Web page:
These are some very schematic drawing, which I use to teach medical students. I'm no neuro-scientist but, if you understand the major mechanisms, it will help you to understand the other factors involved.
This is the afferent neuron. Afferent means it's coming into the brain. There are billions and billions of these. They look like a cobweb. Over here is the efferent neuron. It is going out of the brain. The impulse is not a solid core nerve transmission. It goes through to an extra cellular fluid space, called the synaptic cleft. You'll notice Tyrosine on the left, that is an amino acid and, when it's broken down by an enzyme, it forms little vesicles of a neurotransmitter called Dopamine. Dopamine (DA) is the chemical boat that's going to carry the impulse. It is basically a stimulant neurotransmitter that gives us a pleasure pay-off.
There are many other neurotransmitters but this is the one we really want to understand most fully because of it's pay-off role.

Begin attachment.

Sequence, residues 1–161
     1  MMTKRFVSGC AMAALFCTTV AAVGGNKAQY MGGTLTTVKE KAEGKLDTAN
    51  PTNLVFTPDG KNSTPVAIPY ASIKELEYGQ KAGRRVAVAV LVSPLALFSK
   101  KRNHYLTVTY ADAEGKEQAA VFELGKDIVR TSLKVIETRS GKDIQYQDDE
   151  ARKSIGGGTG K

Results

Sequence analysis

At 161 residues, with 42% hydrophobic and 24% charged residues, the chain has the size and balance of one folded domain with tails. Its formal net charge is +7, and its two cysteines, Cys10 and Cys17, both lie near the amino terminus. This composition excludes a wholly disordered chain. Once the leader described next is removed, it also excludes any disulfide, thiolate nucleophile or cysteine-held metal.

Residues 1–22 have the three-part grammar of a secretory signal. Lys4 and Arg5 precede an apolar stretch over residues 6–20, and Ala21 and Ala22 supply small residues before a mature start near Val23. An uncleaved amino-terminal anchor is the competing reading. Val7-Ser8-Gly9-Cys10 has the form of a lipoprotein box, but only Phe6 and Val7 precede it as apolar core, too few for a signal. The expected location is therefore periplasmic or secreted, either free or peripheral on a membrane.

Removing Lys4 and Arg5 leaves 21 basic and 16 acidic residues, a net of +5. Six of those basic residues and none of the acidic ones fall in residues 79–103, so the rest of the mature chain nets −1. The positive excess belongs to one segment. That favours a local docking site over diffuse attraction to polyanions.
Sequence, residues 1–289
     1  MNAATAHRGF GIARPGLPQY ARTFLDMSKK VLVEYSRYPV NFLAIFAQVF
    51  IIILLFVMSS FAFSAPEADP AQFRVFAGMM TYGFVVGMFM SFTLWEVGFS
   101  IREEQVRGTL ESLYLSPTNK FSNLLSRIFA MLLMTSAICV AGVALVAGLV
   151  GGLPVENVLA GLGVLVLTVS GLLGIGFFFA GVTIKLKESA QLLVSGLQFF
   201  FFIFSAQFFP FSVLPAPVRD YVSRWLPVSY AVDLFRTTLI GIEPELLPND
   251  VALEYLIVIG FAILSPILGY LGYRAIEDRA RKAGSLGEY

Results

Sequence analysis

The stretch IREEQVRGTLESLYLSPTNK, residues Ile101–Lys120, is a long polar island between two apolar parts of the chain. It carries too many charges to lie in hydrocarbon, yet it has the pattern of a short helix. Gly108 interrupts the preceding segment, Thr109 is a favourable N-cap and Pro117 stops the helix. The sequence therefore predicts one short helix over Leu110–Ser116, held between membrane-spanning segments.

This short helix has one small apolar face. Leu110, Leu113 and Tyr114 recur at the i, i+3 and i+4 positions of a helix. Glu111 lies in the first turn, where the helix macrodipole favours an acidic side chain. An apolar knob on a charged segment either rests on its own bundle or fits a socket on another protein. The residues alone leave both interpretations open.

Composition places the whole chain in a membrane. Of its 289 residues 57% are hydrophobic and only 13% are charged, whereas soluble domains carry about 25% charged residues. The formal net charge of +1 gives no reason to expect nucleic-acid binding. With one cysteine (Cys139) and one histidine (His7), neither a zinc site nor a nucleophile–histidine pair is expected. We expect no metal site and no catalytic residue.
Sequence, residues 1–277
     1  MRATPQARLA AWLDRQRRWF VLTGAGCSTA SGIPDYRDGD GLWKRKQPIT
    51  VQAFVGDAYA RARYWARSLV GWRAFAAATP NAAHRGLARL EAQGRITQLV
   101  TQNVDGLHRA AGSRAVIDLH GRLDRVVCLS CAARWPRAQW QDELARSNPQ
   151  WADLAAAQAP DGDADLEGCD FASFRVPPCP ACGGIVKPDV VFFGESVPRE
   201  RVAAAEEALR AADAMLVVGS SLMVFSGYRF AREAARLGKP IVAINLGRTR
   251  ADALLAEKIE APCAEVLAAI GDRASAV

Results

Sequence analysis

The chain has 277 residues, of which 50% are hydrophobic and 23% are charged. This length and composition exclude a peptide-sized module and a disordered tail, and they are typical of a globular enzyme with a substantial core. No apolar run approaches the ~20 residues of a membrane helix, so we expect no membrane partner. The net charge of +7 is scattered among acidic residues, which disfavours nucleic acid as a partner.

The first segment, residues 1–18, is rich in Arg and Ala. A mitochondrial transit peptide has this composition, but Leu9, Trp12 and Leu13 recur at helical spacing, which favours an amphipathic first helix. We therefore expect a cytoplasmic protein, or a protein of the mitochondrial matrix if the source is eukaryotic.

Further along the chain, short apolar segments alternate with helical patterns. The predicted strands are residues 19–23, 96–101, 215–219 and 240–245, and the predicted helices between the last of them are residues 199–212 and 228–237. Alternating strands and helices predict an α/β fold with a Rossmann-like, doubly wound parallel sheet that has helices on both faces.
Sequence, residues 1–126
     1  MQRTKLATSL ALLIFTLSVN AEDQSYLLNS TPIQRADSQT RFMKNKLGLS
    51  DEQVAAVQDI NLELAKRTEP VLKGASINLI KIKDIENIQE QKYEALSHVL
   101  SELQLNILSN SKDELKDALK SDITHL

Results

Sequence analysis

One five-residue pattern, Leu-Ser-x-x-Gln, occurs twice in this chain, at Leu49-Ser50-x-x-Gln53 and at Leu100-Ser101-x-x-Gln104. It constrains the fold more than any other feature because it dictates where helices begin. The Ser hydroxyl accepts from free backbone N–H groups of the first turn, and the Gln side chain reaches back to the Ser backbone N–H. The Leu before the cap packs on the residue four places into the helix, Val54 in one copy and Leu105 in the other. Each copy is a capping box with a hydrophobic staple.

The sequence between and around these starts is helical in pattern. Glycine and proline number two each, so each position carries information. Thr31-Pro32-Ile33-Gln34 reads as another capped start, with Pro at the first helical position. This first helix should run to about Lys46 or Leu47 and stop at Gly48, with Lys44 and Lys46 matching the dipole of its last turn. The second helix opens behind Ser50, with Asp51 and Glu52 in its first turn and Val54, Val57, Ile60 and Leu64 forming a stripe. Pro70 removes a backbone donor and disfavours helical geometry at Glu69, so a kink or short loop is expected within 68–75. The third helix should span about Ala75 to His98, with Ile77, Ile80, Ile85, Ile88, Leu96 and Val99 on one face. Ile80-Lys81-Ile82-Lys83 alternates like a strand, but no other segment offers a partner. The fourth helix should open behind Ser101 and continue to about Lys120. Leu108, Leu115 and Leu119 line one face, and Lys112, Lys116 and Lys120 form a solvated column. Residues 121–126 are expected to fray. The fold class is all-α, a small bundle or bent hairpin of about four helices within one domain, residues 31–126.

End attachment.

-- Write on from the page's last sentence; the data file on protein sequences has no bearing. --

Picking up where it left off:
So, now these little vesicles of dopamine are formed and ready to go. In comes a normal impulse; the dopamine goes out into that little fluid space; goes to those little hair follicles, which are called receptor sites; then it turns around and comes back over these re-uptake sites, where the dopamine is reabsorbed and put back into a vesicle, where it is ready to go again.
This system will work in perpetuity, if it's not interrupted by age, disease, drugs or death. In drugs, alcohol and compulsive behaviours this is where the problem lies.